And the Giants have to decide quickly whether he is worth any more of their precious bother. They don’t have to announce the results, but they do need to reach a denouement with Strickland and his flaming forehead.

The guess? They will endure until they can find someone willing to take him and his flailing fists off their hands. That, we suspect, may take awhile. And by then, he might have broken his foot kicking an ottoman after a game against the Cincinnati Reds.

The Reds. As in red-ass. I mean, if you're going to go, go all the way.

After blowing save vs Marlins, Hunter Strickland fractured his hand punching a door


After blowing save vs Marlins, Hunter Strickland fractured his hand punching a door

SAN FRANCISCO — Hunter Strickland’s temper has at times tarnished his reputation, led to a suspension, and ignited a fight that was a low point of the 2017 season and ended Michael Morse's career. Now, it has cost the Giants their closer for a couple of months.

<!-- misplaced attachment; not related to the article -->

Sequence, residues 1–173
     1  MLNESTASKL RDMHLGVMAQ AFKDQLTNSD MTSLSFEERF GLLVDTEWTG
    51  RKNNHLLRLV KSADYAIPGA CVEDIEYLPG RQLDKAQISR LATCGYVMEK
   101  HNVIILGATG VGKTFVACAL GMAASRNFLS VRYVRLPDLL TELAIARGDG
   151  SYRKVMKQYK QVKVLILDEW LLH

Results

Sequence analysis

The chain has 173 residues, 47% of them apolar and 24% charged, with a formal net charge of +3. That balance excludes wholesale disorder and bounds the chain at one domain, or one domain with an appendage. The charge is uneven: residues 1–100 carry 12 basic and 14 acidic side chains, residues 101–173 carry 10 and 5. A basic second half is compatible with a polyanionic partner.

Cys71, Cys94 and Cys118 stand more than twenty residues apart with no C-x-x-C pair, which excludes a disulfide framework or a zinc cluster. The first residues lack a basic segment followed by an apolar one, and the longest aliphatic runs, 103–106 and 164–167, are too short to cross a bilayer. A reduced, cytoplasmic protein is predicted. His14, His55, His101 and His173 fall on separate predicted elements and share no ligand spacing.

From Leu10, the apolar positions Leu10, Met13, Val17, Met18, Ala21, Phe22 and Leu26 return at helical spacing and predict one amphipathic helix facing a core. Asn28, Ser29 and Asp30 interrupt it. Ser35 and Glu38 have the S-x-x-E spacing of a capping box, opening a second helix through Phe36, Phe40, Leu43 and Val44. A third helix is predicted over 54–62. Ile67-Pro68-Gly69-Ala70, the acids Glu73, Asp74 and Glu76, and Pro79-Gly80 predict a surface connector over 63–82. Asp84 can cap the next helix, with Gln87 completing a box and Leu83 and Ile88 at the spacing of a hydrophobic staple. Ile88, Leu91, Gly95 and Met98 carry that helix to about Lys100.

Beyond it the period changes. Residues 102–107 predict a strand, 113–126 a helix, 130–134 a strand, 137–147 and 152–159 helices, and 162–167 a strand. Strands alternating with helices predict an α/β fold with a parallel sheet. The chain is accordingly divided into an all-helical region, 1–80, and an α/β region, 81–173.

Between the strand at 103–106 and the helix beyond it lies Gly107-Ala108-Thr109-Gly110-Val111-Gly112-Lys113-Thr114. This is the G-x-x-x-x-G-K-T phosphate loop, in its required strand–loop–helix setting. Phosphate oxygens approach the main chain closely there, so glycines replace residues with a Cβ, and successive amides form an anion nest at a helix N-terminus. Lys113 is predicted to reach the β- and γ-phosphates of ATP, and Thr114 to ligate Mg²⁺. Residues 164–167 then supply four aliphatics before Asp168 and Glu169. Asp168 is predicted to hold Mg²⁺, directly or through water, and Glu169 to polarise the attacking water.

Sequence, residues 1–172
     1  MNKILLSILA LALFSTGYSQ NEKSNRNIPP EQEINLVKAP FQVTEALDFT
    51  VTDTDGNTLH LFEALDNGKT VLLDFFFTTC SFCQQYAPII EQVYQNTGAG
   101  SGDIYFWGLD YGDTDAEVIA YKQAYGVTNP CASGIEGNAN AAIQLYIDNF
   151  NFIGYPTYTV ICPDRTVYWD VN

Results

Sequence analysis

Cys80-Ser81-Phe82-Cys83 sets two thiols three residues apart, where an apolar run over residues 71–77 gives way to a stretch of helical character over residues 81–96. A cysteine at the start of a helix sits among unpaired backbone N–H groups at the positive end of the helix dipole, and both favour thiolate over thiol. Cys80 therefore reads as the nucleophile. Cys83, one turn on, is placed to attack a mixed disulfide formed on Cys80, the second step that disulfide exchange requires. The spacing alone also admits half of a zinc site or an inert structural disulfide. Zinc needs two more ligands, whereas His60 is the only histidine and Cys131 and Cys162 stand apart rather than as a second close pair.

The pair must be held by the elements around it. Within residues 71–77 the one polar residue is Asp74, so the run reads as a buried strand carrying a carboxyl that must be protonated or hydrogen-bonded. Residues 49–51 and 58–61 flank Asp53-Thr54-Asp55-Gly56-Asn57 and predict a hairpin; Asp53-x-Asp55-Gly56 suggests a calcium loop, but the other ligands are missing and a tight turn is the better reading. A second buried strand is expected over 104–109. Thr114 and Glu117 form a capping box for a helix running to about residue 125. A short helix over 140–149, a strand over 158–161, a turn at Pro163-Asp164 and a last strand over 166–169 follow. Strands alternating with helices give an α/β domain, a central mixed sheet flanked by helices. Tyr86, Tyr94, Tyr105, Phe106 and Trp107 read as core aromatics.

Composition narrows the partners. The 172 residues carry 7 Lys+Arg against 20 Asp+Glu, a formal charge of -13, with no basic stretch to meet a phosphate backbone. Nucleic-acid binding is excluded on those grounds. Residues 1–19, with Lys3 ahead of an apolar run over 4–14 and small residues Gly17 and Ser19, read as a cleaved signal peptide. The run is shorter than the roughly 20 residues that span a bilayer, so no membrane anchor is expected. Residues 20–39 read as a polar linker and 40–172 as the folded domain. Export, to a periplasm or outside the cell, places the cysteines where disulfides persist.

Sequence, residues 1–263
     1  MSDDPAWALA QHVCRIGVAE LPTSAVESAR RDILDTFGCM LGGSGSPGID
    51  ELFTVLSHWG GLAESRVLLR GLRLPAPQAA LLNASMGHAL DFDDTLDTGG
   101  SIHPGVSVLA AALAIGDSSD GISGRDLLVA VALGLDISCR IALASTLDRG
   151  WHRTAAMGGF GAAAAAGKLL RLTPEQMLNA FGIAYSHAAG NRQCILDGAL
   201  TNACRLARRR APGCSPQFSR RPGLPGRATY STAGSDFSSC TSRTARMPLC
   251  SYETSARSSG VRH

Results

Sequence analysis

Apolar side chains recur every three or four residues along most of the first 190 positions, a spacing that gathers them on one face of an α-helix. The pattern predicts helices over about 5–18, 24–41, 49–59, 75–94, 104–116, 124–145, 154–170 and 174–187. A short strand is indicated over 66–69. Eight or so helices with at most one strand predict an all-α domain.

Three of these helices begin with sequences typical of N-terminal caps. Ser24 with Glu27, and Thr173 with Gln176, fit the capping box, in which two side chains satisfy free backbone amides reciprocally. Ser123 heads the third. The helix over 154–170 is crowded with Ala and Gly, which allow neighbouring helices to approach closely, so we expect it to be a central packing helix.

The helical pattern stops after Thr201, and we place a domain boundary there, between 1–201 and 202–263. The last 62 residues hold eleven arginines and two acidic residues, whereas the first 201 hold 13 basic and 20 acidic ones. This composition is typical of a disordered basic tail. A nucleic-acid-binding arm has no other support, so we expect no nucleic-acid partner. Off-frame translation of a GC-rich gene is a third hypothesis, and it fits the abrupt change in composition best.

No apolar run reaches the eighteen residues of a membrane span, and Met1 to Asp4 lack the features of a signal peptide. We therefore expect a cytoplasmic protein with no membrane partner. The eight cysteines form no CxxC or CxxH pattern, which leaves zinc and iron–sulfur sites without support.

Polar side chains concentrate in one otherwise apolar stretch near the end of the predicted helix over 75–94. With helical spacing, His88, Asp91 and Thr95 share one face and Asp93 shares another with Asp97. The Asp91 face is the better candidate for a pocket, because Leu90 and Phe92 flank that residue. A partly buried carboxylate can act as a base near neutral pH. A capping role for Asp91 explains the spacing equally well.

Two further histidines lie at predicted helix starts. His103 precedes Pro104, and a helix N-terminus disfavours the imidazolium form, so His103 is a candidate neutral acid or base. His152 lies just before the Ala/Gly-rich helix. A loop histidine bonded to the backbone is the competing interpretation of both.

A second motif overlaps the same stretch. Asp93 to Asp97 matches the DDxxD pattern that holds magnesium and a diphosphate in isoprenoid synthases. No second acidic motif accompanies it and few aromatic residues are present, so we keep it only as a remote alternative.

Strickland punched a door after blowing a save Monday night and suffered a fracture in his pitching hand. The right-hander was having surgery on his right pinky finger Tuesday afternoon and is expected to miss at least six to eight weeks. 

Manager Bruce Bochy said he did not find out about Strickland until he got home after a 5-4 loss. He said the news “crushed” him, noting that Strickland had grown as a pitcher and person since taking over the closer role at the end of spring training.